Solving a Trigonometric Integral

pape

New member
∫(sin(x)-sin^2 (x)/√(sin^2 (x)+c)) dx
c is a constant

Petrus

Well-known member
Re: integral

∫(sin(x)-sin^2 (x)/√(sin^2 (x)+c)) dx
c is a constant
Integral belongs to calculus...
is this what you want to integrate?
$$\displaystyle \int\frac{\sin(x)-\sin^2(x)}{\sqrt{\sin^2(x)}}+c$$

Regards,
$$\displaystyle |\pi\rangle$$

Last edited:

topsquark

Well-known member
MHB Math Helper
Re: integral

View attachment 1302
Please check the JPG file for the correct expression of
the function.

Best...
"And what I have found so far is" What is "what you have found"? How did you get this line? What does it mean?

How does the derivative relate to the given problem?

-Dan

eddybob123

Active member
Re: integral

You can start by substituting $u=\sin(x)$ to obtain
$$\int u-\frac{u^2}{\sqrt{u^2+c}}\, du$$
From there you can try integration by parts.

Petrus

Well-known member
Re: integral

You can start by substituting $u=\sin(x)$ to obtain
$$\int u-\frac{u^2}{\sqrt{u^2+c}}\, du$$
From there you can try integration by parts.
If $$\displaystyle u= \sin(x)$$ Then $$\displaystyle du=\cos(x)\,dx$$ which is not same as that function he wants to integrate?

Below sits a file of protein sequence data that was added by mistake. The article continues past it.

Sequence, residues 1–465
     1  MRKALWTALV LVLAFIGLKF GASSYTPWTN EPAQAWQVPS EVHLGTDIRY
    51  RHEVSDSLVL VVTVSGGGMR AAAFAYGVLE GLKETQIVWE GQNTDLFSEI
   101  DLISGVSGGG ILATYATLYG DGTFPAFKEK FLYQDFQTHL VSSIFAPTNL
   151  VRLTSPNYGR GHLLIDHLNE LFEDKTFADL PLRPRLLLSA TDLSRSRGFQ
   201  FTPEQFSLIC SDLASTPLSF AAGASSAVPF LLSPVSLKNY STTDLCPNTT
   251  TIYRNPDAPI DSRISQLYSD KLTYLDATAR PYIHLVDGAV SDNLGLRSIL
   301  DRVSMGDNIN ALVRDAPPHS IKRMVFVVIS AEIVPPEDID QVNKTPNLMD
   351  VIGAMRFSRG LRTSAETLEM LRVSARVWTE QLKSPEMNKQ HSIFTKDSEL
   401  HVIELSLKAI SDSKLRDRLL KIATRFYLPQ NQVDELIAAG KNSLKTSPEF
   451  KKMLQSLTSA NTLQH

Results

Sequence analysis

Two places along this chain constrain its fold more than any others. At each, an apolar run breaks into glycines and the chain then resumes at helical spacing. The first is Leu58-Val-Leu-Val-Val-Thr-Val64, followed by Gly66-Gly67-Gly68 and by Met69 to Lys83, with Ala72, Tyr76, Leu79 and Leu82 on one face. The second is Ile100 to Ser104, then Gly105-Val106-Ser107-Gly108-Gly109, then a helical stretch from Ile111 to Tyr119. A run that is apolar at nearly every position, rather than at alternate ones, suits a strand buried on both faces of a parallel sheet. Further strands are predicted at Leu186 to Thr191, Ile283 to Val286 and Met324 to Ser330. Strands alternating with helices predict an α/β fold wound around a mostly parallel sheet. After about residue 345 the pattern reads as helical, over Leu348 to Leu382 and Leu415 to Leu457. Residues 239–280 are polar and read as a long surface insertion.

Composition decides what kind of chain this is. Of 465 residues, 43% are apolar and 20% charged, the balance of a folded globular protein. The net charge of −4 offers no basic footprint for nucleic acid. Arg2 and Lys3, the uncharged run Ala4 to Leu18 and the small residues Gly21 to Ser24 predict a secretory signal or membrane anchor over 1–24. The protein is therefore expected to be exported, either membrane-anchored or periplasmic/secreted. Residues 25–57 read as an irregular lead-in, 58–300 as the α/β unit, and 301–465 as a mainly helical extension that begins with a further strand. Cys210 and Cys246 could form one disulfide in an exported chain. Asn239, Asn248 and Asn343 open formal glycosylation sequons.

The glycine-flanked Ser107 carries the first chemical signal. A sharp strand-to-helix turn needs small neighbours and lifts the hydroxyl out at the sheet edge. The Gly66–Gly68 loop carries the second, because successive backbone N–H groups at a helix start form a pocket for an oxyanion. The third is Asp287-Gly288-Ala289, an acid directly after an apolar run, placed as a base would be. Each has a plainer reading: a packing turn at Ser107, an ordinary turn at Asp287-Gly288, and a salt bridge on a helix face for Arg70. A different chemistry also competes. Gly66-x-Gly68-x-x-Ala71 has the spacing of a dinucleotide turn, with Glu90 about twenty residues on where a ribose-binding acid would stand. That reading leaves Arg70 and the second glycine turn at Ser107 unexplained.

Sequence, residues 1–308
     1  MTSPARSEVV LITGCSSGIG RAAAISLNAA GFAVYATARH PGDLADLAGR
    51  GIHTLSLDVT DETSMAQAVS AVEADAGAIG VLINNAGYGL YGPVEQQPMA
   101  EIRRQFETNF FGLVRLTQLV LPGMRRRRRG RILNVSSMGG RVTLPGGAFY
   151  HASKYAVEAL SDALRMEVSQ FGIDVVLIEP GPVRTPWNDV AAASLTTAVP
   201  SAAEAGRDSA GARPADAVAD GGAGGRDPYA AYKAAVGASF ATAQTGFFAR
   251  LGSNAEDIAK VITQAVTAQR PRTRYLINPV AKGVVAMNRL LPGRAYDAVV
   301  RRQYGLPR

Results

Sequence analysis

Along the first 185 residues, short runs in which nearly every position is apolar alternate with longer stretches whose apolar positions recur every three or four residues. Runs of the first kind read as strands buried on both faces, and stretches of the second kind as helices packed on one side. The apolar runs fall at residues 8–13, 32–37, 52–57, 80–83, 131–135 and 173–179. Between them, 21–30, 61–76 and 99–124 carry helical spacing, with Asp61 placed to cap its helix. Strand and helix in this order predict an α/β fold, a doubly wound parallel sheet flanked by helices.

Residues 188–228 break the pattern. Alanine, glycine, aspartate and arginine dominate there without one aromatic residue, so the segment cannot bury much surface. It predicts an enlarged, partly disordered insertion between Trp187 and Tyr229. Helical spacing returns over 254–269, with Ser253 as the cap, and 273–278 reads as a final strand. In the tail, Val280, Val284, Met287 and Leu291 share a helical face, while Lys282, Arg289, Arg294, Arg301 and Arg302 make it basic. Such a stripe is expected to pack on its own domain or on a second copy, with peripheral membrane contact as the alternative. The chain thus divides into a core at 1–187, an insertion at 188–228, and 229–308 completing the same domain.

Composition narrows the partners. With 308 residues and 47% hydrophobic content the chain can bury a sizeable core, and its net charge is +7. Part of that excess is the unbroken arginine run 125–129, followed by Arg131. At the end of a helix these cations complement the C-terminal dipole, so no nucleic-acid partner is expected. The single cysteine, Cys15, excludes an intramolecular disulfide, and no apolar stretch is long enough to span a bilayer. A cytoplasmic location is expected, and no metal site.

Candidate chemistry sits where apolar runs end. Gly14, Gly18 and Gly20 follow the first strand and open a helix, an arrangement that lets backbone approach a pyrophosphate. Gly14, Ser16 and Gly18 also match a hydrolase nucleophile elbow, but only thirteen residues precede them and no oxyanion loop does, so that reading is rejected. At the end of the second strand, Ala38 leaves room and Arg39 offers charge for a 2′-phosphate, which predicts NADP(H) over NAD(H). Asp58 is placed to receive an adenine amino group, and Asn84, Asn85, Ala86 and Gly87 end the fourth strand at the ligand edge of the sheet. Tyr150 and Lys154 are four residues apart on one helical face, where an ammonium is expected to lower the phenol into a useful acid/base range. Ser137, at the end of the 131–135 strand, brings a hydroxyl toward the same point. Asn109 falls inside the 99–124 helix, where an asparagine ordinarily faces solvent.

Regards,
$$\displaystyle |\pi\rangle$$

pape

New member
Re: integral

You can start by substituting $u=\sin(x)$ to obtain
$$\int u-\frac{u^2}{\sqrt{u^2+c}}\, du$$
From there you can try integration by parts.
Hello,
Integration by part leads to a more complicated expression at the end for the finding of the primitive.
Do you have any other suggestion please?

Regards

DreamWeaver

Well-known member
Re: integral

Hello,
Integration by part leads to a more complicated expression at the end for the finding of the primitive.
Do you have any other suggestion please?

Regards

Unfortunately, that's because the primitive is quite complex...

Incidentally, if you apply Eddybob's method, but set $$\displaystyle c=b^2\,$$, so that $$\displaystyle b=\sqrt{c}\,$$, you can take the constant outside of the square root...